28 August 2006

Disability Convention Committee Struggles to Conclude Treaty

NEW YORK, 25 August (UN Headquarters) -- The General Assembly Ad Hoc Committee finalizing the first Convention on the Rights of Persons with Disabilities today spent most of the morning in informal consultations, trying to resolve some of the most controversial issues.

The Chair of the Committee, New Zealand's Ambassador Don MacKay, finally opened the plenary at 12:45 p.m. to assess the situation.  Stefan Barriga (Liechtenstein) reported that an agreement had been reached on the final clauses, and the Committee proceeded to adopt them "ad referendum" (subject to reference).  The clauses deal with signature, ratification, accession, entry into force, amendment, reservations, dispute settlement, depositary and authentic texts.

Mexico's Ambassador Juan Manuel Gómez Robledo announced that an agreement had been reached "just a few minutes ago" on international monitoring, now spelled out in articles 34 to 40.  The articles deal with Committee on the Rights of Persons with Disabilities (article 34), reports by States parties (article 35), consideration of reports (article 36), cooperation between States parties and the Committee (article 37), relationship of the Committee with other bodies (article 38), report of the Committee (article 39) and Conference of States parties (article 30).

However, there was no agreement the location of the new monitoring Committee, Mr. Gomez Robledo said, with the proposed text stating, "The Committee shall meet at the United Nations Office in Geneva or at any other place it deems convenient, in accordance with relevant General Assembly resolutions."

Mr. MacKay suggested adopting articles 34 through 40, with the item on the venue to be left open for the final adoption of the text to be adopted by the General Assembly.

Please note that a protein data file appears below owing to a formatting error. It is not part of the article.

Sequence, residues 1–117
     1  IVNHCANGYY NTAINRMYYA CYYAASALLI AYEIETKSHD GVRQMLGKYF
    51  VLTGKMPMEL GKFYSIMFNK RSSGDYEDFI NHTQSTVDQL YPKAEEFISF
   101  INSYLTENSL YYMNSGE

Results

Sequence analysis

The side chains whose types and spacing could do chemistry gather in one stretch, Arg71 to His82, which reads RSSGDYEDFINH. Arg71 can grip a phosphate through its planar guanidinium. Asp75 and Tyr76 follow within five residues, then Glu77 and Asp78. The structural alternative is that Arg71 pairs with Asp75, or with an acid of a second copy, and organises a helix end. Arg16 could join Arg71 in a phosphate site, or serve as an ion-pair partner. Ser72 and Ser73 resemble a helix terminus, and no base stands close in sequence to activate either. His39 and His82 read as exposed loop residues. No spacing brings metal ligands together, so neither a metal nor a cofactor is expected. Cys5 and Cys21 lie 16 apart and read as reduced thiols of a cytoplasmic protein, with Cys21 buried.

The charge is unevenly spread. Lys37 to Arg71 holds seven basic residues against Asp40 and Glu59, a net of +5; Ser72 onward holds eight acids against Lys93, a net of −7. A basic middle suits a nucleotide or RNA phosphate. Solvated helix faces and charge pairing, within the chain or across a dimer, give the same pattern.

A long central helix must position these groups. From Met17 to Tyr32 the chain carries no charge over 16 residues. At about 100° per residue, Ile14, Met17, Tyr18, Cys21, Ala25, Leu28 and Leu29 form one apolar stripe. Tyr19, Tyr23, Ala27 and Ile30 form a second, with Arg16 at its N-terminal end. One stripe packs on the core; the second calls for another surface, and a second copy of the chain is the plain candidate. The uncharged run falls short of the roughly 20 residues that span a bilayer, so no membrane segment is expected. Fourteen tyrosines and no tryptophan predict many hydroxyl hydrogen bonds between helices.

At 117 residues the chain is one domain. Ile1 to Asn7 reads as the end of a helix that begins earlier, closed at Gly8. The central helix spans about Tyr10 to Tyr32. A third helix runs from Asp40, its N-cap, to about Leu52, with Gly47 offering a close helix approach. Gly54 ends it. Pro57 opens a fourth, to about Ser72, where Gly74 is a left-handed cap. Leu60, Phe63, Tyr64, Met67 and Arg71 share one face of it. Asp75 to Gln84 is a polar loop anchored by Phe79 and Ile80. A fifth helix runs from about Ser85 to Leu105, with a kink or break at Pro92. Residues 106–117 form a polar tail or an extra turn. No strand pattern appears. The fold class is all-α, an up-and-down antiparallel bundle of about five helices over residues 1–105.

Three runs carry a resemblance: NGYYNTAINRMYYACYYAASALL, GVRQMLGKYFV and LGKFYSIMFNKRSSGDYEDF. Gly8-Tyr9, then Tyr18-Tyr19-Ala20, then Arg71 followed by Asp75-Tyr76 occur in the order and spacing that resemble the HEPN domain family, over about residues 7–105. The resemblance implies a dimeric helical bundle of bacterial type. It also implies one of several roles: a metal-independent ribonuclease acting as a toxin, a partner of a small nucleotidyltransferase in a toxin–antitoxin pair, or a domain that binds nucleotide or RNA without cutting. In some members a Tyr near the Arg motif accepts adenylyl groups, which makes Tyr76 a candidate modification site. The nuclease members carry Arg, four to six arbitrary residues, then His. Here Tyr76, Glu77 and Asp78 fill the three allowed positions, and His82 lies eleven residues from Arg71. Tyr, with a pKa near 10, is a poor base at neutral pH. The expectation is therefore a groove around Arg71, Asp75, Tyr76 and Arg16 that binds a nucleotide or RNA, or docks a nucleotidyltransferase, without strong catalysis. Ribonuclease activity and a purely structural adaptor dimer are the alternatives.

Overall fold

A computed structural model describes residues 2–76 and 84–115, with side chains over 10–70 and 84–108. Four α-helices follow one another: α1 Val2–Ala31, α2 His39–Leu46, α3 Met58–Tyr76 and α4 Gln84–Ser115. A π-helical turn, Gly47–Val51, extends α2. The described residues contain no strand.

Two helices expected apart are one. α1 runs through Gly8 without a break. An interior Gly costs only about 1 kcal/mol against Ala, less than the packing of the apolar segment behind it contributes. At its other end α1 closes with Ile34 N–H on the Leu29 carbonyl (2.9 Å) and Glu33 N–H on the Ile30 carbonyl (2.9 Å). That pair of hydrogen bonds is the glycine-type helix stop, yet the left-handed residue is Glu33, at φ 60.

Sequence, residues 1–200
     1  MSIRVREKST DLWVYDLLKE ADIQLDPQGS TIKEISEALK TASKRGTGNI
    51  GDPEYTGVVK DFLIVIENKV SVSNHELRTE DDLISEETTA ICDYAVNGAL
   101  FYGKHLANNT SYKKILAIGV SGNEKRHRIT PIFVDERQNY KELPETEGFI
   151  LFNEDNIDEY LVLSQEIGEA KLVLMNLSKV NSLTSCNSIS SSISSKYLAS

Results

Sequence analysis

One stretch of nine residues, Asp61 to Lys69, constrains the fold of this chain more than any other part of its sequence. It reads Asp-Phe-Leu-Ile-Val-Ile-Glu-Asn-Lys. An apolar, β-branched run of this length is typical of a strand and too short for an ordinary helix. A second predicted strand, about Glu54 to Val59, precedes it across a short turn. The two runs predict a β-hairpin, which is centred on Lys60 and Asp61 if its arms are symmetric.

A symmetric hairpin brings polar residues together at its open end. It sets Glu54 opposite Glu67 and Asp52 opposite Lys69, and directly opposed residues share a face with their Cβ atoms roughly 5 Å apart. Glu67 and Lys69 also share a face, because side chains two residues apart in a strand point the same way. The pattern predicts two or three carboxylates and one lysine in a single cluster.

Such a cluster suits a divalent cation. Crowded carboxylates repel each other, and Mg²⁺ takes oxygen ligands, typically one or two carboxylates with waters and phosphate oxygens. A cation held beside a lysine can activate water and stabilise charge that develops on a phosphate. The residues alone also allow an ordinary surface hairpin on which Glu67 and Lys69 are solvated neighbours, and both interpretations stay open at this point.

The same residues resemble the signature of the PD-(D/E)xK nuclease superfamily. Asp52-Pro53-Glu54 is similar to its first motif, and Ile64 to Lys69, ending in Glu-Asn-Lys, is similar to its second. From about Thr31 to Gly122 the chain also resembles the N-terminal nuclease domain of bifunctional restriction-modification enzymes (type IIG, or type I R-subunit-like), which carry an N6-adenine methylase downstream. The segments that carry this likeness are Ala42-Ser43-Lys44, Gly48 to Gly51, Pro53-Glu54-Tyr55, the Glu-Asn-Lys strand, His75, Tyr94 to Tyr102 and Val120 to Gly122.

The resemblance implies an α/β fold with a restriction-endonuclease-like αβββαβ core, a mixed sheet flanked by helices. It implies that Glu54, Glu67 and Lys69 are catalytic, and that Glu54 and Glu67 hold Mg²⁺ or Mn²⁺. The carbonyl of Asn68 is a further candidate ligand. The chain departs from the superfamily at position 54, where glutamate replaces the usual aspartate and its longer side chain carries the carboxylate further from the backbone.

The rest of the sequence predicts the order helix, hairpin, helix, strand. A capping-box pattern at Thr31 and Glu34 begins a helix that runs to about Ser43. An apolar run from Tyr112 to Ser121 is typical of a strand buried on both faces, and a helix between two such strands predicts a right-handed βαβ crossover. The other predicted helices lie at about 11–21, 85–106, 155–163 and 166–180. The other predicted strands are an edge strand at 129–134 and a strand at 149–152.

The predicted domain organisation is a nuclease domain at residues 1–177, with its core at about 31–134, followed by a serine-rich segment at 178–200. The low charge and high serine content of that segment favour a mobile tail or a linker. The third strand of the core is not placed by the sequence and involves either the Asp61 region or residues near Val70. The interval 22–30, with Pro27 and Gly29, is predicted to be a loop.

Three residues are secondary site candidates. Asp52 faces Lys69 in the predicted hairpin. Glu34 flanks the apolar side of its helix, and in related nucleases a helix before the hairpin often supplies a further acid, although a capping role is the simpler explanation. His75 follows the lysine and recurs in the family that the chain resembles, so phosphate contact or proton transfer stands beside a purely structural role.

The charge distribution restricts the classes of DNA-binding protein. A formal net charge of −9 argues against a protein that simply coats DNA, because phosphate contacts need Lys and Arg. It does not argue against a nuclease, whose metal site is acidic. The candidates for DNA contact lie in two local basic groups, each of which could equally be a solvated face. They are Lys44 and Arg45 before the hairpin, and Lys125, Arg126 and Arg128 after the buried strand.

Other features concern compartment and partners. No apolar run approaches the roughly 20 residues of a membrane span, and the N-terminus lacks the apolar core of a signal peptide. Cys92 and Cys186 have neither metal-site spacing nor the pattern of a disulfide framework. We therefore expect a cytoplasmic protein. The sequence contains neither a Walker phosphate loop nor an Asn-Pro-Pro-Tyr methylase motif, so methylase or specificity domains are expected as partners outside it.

Mr. Gomez Robledo then introduced the 18-article Optional Protocol on Communications, which would allow petitioning by individuals and groups to the Committee once all national recourse procedure had been exhausted.  The Protocol, he said, which would be adopted and opened for signature at the same time as the Convention, mostly followed the structure of existing treaties, such as the International Covenant on Civil and Political Rights and the Convention on the Elimination of All Forms of Discrimination against Women.

While expressing the intention to join in the consensus, Jorge Ballestero (Costa Rica) expressed its disappointment, maintaining that "the Optional Protocol will be remembered not for what it includes, but for what it leaves out.  The Ad Hoc Committee criticized the mistakes of the past but did nothing to solve them."

The proposal supported by Costa Rica would have allowed country visits by the Committee on the Rights of Persons with Disabilities, at the invitation of States parties, to provide advisory services and technical assistance.

Costa Rica had shown flexibility, Mr. Ballestero said, but other delegations had not.  His country would retain the right to invite the members of the Committee for advisory services, cooperation and support.

The Committee then adopted articles 34 through 40, and Mr. MacKay asked whether the Committee could adopt the 18 articles of the Optional Protocol.

Mr. Ballestero said the Optional Protocol could have been part of the Convention, precisely because it was optional.  Again, the Committee had not taken the opportunity to learn from the mistakes of the past.  However, Costa Rica would join in the consensus.

The Optional Protocol was then adopted, followed by a long applause, and Mr. MacKay closed the plenary at 1:25 p.m.

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